Back in 2008, I was on a promo run for my album Persona Non Grata and I gave an interview to the Kamerhihop site. When the journalist asked me what I thought about the state of Cameroonian Hip-Hop, I replied that I didn’t quite follow the movement. Undeterred, he pressed on and asked me what I thought were the weaknesses in the local Hip-Hop scene. I had to stress that I wasn’t tuned into what was going on in Kamer Hip-Hop.
A full decade after that interview, if that journalist were to ask me the same question, my answers would be much more voluble. Indeed, Hip-Hop in Cameroon has evolved significantly over the past ten years and many Cameroonian artists are now filling up my playlists. Admittedly, I didn’t see such a turnaround coming.
In case you’re unaware, I’d like to inform you that the new generation of Cameroonian artists is absolutely loaded. Unfortunately, many of them are unknowns on the international stage. Today, I’m putting the spotlight on the ten best talents in Cameroonian urban music. I hope that by doing this, these young artists will be able to acquire new fans — that means you. Without further ado, here is the ranking. (Please note that artists from the diaspora have been excluded.)
Last June, Daphné was involved in a road accident and nearly lost her life. Thank God, she survived and right now her career is on a steep ascent. Today, her single “Calée” can be heard beyond the borders of Cameroon and has amassed over 16 million views on YouTube. When God favours you…
Last year, Mink’s made a lot of noise with his single “Le gars là est laid“, from his album Tranches de vie. For a long time, I had a hard time distinguishing Mink’s from Franko because their styles were very similar. Then little by little, Mink’s has asserted himself. The “Mbita Kola” freestyle he released in early September settled my doubts.
I discovered Magasco in 2012 when he released his hit “Line Loba“. Since then, I’ve been eagerly keeping up with his career. In 2015, he released his Raw Gold EP. While it was quite disappointing, the single “Wule Bang Bang” was a welcome silver lining. Now, Magasco released his debut album at the tail end of 2017.
When I discovered Franko in 2011, he was only making conscious rap. I was very enthused “Le Tchoko” (bribe), a song where he denounced the extent of corruption in Cameroon. As the commercial success he targeted wasn’t forthcoming, Franko switched to making festive music instead of conscious rap. In 2015, he released the song “Coller la petite” and became an international star. The video has garnered more than 49 million views on YouTube, a record for a Cameroonian artist living in Cameroon.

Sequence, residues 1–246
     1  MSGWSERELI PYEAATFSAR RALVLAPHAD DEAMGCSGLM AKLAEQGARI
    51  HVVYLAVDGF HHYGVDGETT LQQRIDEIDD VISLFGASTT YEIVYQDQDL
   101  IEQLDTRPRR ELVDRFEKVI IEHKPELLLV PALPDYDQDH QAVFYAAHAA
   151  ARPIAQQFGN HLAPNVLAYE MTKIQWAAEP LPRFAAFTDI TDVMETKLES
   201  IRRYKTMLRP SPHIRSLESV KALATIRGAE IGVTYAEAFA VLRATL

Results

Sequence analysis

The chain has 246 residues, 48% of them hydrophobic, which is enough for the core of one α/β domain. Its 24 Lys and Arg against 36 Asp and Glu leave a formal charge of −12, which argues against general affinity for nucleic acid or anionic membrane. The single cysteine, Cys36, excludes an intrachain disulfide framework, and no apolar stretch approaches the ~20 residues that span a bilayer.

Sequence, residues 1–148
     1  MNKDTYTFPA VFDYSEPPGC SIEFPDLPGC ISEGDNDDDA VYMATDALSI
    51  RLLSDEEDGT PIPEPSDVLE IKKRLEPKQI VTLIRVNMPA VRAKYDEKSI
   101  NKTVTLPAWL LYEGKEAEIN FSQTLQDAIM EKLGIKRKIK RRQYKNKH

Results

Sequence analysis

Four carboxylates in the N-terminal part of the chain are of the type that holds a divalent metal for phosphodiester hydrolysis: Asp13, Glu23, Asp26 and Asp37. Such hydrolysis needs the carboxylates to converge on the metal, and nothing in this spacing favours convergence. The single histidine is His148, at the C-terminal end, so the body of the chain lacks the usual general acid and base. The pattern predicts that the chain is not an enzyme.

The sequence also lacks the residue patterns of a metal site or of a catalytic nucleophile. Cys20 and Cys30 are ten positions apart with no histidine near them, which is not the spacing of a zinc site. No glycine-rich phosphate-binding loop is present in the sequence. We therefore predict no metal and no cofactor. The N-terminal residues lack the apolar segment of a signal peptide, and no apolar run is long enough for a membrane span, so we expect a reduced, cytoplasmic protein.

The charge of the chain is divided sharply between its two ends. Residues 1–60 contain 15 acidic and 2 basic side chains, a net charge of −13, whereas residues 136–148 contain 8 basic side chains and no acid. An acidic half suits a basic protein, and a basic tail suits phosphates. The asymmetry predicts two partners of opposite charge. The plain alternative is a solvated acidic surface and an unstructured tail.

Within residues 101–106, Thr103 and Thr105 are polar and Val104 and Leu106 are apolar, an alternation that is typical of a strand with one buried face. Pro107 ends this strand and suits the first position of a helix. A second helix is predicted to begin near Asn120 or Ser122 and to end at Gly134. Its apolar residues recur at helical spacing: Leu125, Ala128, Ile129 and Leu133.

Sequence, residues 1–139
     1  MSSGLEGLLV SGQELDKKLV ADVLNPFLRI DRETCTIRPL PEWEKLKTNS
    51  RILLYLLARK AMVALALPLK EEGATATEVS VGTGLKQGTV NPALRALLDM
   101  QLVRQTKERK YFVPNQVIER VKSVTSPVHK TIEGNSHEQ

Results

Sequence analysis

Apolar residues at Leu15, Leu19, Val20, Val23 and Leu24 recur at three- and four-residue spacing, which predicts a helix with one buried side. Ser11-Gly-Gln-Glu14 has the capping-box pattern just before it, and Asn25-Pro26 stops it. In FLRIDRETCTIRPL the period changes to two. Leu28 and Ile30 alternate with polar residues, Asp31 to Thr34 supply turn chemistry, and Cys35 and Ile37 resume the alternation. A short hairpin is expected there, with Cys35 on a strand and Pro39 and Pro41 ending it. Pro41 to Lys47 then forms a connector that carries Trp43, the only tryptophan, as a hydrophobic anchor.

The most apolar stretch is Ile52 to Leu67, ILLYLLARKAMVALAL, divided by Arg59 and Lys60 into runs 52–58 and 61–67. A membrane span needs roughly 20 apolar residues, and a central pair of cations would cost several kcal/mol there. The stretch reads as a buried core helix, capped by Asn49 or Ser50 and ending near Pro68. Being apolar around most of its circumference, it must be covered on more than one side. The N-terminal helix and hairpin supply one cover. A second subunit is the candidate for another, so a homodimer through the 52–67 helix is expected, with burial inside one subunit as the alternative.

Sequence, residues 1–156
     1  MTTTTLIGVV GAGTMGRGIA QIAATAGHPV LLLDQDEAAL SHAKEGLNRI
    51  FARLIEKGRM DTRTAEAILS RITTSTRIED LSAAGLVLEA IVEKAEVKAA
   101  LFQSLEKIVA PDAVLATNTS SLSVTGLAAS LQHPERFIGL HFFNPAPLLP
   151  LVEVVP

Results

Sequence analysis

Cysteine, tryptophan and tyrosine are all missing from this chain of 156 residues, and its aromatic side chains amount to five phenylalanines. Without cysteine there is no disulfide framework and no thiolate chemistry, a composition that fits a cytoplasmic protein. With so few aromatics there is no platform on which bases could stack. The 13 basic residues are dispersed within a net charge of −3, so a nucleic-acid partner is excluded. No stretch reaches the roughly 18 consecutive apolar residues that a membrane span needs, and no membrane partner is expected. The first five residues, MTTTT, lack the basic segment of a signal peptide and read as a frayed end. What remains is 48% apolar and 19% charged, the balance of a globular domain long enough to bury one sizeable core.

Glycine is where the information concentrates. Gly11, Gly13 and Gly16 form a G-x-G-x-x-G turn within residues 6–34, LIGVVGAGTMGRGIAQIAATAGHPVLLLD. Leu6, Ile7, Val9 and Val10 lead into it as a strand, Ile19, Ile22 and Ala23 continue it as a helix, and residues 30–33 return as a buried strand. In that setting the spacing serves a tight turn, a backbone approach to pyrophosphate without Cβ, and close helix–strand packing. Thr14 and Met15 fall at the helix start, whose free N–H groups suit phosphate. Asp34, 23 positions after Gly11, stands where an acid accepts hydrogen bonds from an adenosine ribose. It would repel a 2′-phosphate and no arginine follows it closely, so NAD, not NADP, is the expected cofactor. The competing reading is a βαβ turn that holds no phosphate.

He is criticized for being crude, but Maalhox is just being real about what happens in Cameroon, where basically people’s chief concerns are food, drink and sex. As such, Maalhox’s music is only a reflection of Cameroonian society. Maalhox is not responsible for the depravation of manners that plagues Cameroon, he is just a messenger. His song “Ça ne rit pas“, where he describes the living conditions of Cameroonians in the diaspora, is a masterpiece.
- Mr. Leo
I discovered him on Locko’s single “Supporter“. His performance was so impressive that I was compelled to explore his discography. I discovered a super talented artist, able to compete with the Mr Eazi, Wizkid, etc.
There is no doubt, Ko-C has talent and then some. The rapper from the Cameroon South West has a style similar to that of Sarkodie and is the self-proclaimed “Cameroon’s Fastest Rapper.” No lie there. Not only is he good at rapping, he’s good at rapping really fast. Just go listen to the song “I Love You” that he made with Locko. It’s a gem!
In a very short time, Ténor has risen to the top of the Cameroonian Rap. The young gun is unquestionably talented. But is he able to make an album for the history books? Time will tell. In the meantime, I encourage you to listen to the feiry banger “On n’est pas pareil“!
For a long time, the Cameroonian rappers would kick verses by whitisizing (speaking like Europeans). Jovi burst onto the scene in 2011 with “Don 4 kwat“, fearlessly rapping in pidgin. Love him or hate him, we have to admit that Jovi has had a lot of influence on Cameroonian urban music. His success has opened doors for many artists from the English-speaking provinces of Cameroon. Jovi is certainly not the first Cameroon rapper to rap in pidgin, but he helped popularize its use in Cameroonian urban music.
The only fault I can find with Locko has to do with his lyrics, which can at times be superficial. That aside, Locko is the perfect artist. His voice, his melodies and his productions are excellent. How many Cameroonian African artists, are capable of a song like “Sawa romance“? You’d be hard pressed to find a handful. Locko is simply the best Cameroonian urban artist right now. And it’s not up to debate.
What about you? What do you think of these artists? What do you think of my ranking? Let me know. And enjoy the playlist below.
The original opinion piece can be found on ‘Un lion parmi les hommes‘
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